Americans emerged from the war as victors, but something was beginning to change.
WWI was a turning point in American lives
Americans were disillusioned with traditions that seemed to have become spiritually empty
Creators of literature, paintings, music, and the other arts began to call for bold experimentation.
The First Wave of the Great Migration (1916-1919) - part I "Around the time of WWI, many African-Americans from the South left home and traveled to cities in the North in search of a better life." © Jacob Lawrence
The Great Depression brought suffering to millions of Americans—those hard working people that had put their faith in America to provide for them.
Many saw the depression as punishment for their sins of loose living.
FDR and the New Deal programs tried to renew prosperity, but not until the industrial build-up of WWII did an economic resurgence occur.
•Emphasis on bold experimentation in style and form—reflects the fragmentation of society •Rejection of traditional themes and subjects.
•Sense of disillusionment and loss of faith in the American Dream. (Modernists rejected Emerson’s optimism.) •Rejection of the ideal of a hero as infallible in favor of a hero who is flawed and disillusioned but shows “grace under pressure” (Hemingway) • Interest in the inner workings of the human mind. (Sometimes expressed through a new narrative technique such as stream of consciousness—William Faulkner)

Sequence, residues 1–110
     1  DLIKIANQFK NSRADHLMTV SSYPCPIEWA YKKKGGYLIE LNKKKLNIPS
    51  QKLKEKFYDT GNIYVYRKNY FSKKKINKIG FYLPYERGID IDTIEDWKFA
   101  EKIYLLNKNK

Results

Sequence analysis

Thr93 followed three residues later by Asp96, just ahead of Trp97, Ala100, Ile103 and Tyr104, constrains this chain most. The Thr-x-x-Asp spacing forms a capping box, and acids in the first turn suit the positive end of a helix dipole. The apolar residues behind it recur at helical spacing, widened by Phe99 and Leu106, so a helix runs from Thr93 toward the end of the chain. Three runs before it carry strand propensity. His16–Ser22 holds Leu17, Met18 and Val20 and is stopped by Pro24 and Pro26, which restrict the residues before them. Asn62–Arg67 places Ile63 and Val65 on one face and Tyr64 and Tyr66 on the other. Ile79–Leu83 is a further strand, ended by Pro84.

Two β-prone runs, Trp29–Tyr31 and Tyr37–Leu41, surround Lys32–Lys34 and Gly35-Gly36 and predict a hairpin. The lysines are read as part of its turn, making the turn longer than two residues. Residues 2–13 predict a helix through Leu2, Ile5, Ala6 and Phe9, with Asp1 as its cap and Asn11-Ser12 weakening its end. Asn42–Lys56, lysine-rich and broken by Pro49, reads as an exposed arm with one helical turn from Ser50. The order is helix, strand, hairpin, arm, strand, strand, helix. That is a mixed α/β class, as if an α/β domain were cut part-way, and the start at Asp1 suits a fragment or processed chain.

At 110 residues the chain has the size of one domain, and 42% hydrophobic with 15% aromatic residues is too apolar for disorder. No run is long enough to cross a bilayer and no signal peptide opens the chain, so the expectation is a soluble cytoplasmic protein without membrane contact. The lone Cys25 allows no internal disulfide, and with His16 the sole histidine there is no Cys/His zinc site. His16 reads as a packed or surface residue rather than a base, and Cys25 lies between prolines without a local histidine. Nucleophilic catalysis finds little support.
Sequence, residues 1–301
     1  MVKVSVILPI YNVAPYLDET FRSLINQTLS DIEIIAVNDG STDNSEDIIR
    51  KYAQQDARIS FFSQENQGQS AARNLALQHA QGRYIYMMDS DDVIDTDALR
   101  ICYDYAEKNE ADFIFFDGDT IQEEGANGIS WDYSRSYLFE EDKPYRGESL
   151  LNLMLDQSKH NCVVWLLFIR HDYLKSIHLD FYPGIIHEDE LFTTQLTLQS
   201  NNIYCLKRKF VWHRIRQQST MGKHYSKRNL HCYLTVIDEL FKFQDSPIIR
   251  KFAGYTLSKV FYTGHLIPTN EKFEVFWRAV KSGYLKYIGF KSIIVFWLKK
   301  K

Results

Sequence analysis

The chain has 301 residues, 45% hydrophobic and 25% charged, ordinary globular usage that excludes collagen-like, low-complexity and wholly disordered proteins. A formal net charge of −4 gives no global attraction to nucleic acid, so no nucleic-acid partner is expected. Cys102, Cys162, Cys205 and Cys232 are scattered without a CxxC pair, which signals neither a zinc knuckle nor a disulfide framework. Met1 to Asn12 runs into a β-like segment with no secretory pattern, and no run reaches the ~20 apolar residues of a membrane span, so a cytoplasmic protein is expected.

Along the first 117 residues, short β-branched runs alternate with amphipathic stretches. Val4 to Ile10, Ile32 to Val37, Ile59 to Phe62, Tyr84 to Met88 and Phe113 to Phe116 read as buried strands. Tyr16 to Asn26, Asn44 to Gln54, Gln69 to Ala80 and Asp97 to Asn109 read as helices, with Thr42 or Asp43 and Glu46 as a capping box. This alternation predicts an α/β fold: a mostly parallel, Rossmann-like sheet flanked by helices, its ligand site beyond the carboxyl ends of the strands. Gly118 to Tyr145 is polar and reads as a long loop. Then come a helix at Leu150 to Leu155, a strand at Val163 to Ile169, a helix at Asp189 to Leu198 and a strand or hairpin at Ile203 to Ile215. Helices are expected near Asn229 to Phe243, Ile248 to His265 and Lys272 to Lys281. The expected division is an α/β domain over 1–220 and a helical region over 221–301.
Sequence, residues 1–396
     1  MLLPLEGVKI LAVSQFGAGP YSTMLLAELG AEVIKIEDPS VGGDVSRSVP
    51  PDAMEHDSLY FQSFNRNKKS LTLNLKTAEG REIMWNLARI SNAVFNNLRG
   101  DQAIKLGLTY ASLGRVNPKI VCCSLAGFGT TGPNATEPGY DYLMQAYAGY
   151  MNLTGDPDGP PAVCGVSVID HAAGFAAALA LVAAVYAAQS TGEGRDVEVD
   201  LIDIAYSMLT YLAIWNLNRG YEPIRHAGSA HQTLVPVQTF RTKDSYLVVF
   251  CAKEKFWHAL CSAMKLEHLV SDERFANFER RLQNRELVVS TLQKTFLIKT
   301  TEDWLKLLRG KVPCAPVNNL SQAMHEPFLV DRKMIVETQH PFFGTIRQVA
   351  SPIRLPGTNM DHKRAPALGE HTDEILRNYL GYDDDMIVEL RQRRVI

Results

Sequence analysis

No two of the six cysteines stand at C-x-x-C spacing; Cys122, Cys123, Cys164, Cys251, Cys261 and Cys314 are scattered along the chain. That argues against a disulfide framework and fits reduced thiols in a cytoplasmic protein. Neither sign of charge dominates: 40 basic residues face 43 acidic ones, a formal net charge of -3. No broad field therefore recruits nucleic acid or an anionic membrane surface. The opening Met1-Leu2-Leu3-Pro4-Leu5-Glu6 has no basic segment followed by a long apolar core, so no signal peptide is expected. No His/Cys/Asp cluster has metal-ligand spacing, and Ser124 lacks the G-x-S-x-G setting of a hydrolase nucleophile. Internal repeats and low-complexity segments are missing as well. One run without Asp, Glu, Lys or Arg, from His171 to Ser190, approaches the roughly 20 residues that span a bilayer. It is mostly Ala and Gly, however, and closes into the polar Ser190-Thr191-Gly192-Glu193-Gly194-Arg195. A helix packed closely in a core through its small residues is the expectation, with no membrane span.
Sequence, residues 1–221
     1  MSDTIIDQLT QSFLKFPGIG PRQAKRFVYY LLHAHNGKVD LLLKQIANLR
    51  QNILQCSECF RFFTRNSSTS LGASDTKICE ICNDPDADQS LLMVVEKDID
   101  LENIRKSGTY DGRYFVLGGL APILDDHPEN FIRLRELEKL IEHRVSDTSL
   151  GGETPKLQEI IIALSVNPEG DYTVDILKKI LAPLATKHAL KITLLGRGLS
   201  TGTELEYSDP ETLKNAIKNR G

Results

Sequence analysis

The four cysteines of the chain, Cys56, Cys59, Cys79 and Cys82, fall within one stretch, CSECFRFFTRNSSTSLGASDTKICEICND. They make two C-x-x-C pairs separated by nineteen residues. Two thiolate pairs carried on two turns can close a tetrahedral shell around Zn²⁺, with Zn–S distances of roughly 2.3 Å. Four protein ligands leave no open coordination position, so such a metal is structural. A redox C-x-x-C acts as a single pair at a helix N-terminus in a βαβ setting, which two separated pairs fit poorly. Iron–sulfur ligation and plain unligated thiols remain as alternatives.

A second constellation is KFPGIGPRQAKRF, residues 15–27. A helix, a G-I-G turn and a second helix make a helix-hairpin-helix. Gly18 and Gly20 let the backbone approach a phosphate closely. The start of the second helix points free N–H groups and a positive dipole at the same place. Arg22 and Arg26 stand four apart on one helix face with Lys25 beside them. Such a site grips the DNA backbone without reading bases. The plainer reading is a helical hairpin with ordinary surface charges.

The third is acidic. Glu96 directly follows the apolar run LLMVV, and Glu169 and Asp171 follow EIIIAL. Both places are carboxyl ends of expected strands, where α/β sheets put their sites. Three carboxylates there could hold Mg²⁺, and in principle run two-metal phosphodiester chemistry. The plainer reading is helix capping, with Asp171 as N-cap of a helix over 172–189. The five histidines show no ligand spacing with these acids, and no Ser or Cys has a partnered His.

1) There is admiration for America as a new Eden A “promised land” of beauty, bounty, unlimited resources and promises, and endless opportunities.
2) Americans have faith in progress, and we can optimistically expect life to keep getting better and better.
The American birthright is one of ever-expanding opportunity. •Progress is a good thing.
•A belief that we are moving toward an era of prosperity, justice, and joy that always seems just around the corner.
3) The independent, self-reliant individual will triumph. Americans have confidence in the ultimate triumph of the individual.
•Everything is possible for the person who places trust in his or her own powers and potential.
•Remember Emerson’s “Self-Reliance.”
World War I Economic Crash Both damaged the tenets of the American Dream .
American modernist writers both echoed and challenged the American Dream. They took on a broader voice than before causing a second American Renaissance. Even with these challenges, they continue to ask the fundamental questions about life and the purpose of human existence.
1929 Hudson Super Six
A combination of cut worms and heat destroyed the corn on this farm, 6 miles east of Appleton. 1936.
Courtesy: Minnesota Historical Society
Perhaps the most devastating weather driven event in American history, the drought of the 1920's and 1930's significantly impacted Minnesota's economic, social, and natural landscapes. Abnormally dry and hot growing season weather throughout the better part of two decades turned Minnesota farm fields to dust and small lakes into muddy ponds. The parched soil was easily taken up by strong winds, often turning day into night. The drought peaked with the heat of the summer of 1936, setting many high temperature records that still stand today.